But it has a negative meaning when used to describe a driver who passed you on a blind curve and nearly got the drivers and passengers in three cars smashed to smithereens. Or not “nearly”: Лихач погиб на месте аварии (The reckless driver died at the crash site).
And then the word mutates once more. Fast, reckless, feisty becomes skillful, artistic, jaunty, or rakish. Sometimes you hear the adverb лихо used this way on its own as a reaction when someone does something really clever and amazing. – Он не только успел сдать все экзамены за три дня, он получил одни пятёрки. – Лихо! (“Not only did he manage to take all his exams in three days, he got straight A’s!” “Nice one!”)
You might say this when someone pulls off a tricky move: Он лихо вынес из своих тайников драгоценности (He pulled off getting the jewels out of their hiding places). Or in reference to complicated plots in movies: Сюжет действительно оказался лихо закручен (There were really a lot of plot twists).
And then you use it for doing something jauntily or rakishly. I don’t think I have a rakish or jaunty bone in my body, but some folks are good at it. Он лихо закручивал чёрный ус (He rakishly twirled his black moustache). Дверца черного «Форда» захлопнулась, и профессор лихо махнул шоферу ладонью: поехали! (The door of the black Ford slammed shut and the professor gave a jaunty wave to the driver: Let’s go!)
Finally, we come to the most problematic of the fast-clever-daring-evil combinations. The adjectival form лихой is often used to describe a time period that is difficult, dramatic, or full of problems — лихая пора (hard times), лихой год (a rough year). And it is now the standard adjective to describe the 1990s in Russia. Some people — like the Russian president — use the term лихие девяностые to mean “the evil 1990s” when everything went the wrong direction. Наступил тот период, который сейчас вспоминают как лихие девяностые. If this were a quote from Putin, I’d probably translate it as: That was the start of a period we now call the vile 90s.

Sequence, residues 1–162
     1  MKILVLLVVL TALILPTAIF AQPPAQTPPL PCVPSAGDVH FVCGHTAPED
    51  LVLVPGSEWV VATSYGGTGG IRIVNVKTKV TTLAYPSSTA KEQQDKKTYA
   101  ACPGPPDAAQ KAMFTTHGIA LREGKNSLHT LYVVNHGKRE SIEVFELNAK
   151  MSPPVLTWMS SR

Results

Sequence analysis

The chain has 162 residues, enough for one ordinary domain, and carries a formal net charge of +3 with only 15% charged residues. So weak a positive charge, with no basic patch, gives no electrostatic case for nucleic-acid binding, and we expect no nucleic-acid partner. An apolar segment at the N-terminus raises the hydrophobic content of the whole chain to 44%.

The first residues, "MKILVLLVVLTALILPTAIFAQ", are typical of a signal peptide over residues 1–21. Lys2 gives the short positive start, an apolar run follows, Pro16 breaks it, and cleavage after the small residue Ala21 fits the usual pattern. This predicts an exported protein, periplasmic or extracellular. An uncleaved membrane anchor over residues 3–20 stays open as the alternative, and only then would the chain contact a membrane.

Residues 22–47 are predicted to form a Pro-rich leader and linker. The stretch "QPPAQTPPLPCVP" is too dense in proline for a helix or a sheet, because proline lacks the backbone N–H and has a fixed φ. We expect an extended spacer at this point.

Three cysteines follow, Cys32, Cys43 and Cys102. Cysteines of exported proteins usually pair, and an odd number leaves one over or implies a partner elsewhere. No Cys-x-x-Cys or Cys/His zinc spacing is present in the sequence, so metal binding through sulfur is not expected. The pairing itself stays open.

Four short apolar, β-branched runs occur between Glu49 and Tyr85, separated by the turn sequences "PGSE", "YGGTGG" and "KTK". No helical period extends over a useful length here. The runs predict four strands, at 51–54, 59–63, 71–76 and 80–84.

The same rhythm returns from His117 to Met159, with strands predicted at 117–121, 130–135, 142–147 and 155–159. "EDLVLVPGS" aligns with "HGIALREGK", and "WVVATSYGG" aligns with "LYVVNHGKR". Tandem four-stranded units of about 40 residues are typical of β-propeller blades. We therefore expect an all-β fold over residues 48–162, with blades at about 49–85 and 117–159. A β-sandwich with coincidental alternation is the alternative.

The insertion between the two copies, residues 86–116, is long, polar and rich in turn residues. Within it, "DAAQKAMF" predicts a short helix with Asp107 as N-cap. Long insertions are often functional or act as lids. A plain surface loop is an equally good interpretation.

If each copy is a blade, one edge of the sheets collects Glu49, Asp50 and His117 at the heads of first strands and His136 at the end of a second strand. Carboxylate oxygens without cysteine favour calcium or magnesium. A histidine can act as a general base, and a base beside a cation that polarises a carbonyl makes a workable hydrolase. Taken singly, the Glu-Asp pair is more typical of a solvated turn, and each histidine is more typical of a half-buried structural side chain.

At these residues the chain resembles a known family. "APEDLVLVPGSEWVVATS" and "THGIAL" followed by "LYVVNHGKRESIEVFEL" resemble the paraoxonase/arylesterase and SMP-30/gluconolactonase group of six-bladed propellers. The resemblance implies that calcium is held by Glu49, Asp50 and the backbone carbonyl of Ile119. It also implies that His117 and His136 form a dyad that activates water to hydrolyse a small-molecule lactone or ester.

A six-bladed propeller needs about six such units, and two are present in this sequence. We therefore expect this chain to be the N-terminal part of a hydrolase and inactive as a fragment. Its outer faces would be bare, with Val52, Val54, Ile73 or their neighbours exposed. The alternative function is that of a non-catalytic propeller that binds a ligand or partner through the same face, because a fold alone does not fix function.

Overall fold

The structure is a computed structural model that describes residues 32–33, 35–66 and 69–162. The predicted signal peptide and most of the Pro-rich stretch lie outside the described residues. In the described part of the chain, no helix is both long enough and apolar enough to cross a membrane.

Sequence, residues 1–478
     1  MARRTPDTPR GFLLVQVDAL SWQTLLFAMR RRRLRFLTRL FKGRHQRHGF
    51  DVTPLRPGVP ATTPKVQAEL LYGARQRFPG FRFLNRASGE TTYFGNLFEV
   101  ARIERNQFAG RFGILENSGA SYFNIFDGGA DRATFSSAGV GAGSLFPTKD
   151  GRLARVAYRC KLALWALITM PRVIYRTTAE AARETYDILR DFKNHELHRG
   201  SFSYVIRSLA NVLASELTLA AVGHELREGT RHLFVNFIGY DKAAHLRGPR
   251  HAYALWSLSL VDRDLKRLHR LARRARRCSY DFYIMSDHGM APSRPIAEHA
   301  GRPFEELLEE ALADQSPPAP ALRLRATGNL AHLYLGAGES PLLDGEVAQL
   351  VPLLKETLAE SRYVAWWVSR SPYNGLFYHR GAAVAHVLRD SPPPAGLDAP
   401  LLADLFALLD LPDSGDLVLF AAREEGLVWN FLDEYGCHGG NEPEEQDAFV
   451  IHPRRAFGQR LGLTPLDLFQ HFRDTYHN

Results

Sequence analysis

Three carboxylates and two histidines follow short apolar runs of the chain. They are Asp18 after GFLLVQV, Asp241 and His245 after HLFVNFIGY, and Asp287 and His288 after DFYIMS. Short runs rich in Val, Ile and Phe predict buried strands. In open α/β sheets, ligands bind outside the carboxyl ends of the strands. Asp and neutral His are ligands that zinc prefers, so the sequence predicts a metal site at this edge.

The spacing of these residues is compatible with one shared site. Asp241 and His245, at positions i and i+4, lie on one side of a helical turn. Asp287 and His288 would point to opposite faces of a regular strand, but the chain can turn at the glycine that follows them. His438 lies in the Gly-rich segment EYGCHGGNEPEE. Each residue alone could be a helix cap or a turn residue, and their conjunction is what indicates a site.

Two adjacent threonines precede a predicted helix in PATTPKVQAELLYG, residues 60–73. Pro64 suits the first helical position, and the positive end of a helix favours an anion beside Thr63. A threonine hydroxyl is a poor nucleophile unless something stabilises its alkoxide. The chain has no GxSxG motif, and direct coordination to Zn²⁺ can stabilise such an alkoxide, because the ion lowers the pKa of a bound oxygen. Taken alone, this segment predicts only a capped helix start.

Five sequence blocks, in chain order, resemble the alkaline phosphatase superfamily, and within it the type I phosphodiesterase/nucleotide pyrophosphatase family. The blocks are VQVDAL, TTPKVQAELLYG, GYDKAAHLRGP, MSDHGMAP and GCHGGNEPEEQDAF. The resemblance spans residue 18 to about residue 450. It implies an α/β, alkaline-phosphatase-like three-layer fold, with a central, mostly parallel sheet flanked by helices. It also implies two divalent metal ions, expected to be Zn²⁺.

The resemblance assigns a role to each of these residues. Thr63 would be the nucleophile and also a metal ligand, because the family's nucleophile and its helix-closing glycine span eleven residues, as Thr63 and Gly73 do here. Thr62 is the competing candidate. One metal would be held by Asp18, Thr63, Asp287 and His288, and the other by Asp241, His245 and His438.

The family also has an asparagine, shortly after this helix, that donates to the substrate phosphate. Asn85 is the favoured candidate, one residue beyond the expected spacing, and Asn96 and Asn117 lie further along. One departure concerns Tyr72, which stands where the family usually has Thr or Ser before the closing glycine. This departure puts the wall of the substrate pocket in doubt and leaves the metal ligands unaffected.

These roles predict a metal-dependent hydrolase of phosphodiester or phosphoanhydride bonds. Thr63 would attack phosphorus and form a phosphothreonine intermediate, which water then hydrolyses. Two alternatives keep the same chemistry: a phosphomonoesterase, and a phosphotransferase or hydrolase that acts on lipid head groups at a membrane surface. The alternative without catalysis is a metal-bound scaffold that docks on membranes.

But there is an overlay, it seems to me, of the other meanings of лихой — wild, crazy, tumultuous, jaunty, irresponsible — on top of the sense of tough or rough times. Моя молодость пришлась на лихие девяностые (My youth was during the wild and crazy 90s). Пережив вместе со всей страной лихие годы начала рыночных преобразований, в так называемые нулевые Дальний Восток начал восстанавливаться (After suffering through the rough and tumble years at the start of the market transformation with the rest of the country, the Far East began to rebuild in the first years of the new century).
Ни ГУЛАГ, ни войны, ни застой, ни перестройка, ни «лихие 90-е», ни «потребительское общество» ― ничто не изменило нас коренным, бесповоротным образом (Nothing — not the GULAG, not the wars, not the period of stagnation, not perestroika, not the freewheeling 90s, not life in a consumer society — nothing changed us fundamentally, once and for all.)